Researchers at Harvard recently uncovered a clue as to why some people with diverticulosis go on the develop diverticulitis and some do not. Diverticulosis is having out-pockets of the lining of the colon (diverticula) extruding through weaknesses in the muscular layers of the colon wall. When the diverticula get inflamed, it is diverticulitis, which eventually occurs in 10 – 25% of people with diverticulosis. Diverticulitis results in more than 200,000 hospitalizations that cost more than 2 billion dollars per year and can result in emergency surgery.
About 50% of the people in the U.S. over the age of 60 have diverticulosis. The prevalence of diverticulosis increased from an estimated 10% in the 1920s to about 50% by the late 1960s, perhaps due to less roughage in the diet. However, a 2012, study by Perry AF et al in the journal Gastroenterology concluded, “A high-fiber diet and increased frequency of bowel movements are associated with greater, rather than lower, prevalence of diverticulosis.” The Perry et al study involved more than 2,000 participants, who underwent outpatient colonoscopies and were asked about diet.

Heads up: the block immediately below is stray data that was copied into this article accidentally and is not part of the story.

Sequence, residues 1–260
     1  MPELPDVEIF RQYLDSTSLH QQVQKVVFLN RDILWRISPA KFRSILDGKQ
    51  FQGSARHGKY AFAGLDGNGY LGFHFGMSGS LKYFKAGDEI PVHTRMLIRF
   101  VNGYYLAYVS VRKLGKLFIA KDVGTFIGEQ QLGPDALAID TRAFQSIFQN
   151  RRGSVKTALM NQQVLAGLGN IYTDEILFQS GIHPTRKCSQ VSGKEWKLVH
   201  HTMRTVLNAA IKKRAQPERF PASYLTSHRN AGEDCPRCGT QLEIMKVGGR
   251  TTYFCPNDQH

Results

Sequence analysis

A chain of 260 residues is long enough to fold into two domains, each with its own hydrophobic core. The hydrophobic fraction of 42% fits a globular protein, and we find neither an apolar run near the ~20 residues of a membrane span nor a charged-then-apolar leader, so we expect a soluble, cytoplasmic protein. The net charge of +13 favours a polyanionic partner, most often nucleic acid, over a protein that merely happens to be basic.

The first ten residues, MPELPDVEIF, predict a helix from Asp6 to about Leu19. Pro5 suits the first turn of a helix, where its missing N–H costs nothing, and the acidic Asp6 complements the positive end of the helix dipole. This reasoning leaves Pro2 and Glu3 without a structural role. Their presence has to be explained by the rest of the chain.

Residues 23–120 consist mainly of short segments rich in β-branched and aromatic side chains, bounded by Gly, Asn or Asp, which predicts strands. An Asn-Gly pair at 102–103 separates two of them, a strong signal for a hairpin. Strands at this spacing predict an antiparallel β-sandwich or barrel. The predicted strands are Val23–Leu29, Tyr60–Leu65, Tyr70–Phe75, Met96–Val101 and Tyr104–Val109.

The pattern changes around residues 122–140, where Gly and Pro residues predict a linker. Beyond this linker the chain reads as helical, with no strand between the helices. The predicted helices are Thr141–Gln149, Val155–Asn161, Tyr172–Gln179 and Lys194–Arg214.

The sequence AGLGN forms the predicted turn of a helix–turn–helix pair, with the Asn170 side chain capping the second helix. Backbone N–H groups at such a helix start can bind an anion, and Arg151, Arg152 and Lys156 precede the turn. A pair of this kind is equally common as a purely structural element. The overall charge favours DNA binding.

Furthermore, diverticulitis has reversed seasonality, with more (not fewer) episodes occurring during the warmer months. Many doctors tell patients with diverticulosis not to eat seeds or popcorn but recent studies show consuming seeds and nuts are not involved one way or the other in developing diverticulitis.
This month, Doctor Lillias Maguire, working under senior author Professor Andrew Chan, both of Massachusetts General Hospital, studied vitamin D levels in people with both diverticulosis and diverticulitis to see if 25(OH)D levels were different in patients who went on to develop diverticulitis.
They studied more than 9000 patients with uncomplicated diverticulosis and 922 patients who developed diverticulitis that required hospitalization. Among patients with uncomplicated diverticulosis, the mean 25(OH)D was 29 ng/mL compared with 25 ng/mL among the 922 patients with diverticulitis that required hospitalization (p<.0001). They collected the blood prior to hospitalizations for diverticulitis, minimizing the likelihood diverticular disease resulted in low vitamin D levels.
The mean level was 23.5 ng/mL (p<.0001) for patients who developed recurrent diverticulitis. Compared to patients in the lowest 25(OH)D quintile, the odds ratio for developing diverticulitis were .45 among patients in the highest 25(OH)D quintile (P <0.0001). That is, those with the lower levels were about twice as likely to need hospitalization.
The authors concluded:
“In summary, we show that higher pre-diagnostic serum 25(OH)D levels are associated with a lower risk of requiring hospitalization for diverticulitis. Taken together with prior studies showing an inverse association of 25(OH)D and risk of colorectal cancer and inflammatory bowel disease, these results highlight the potential importance of vitamin D in the maintenance of colonic health. Additional studies in cohorts with more detailed information on potential confounders of this association are warranted.”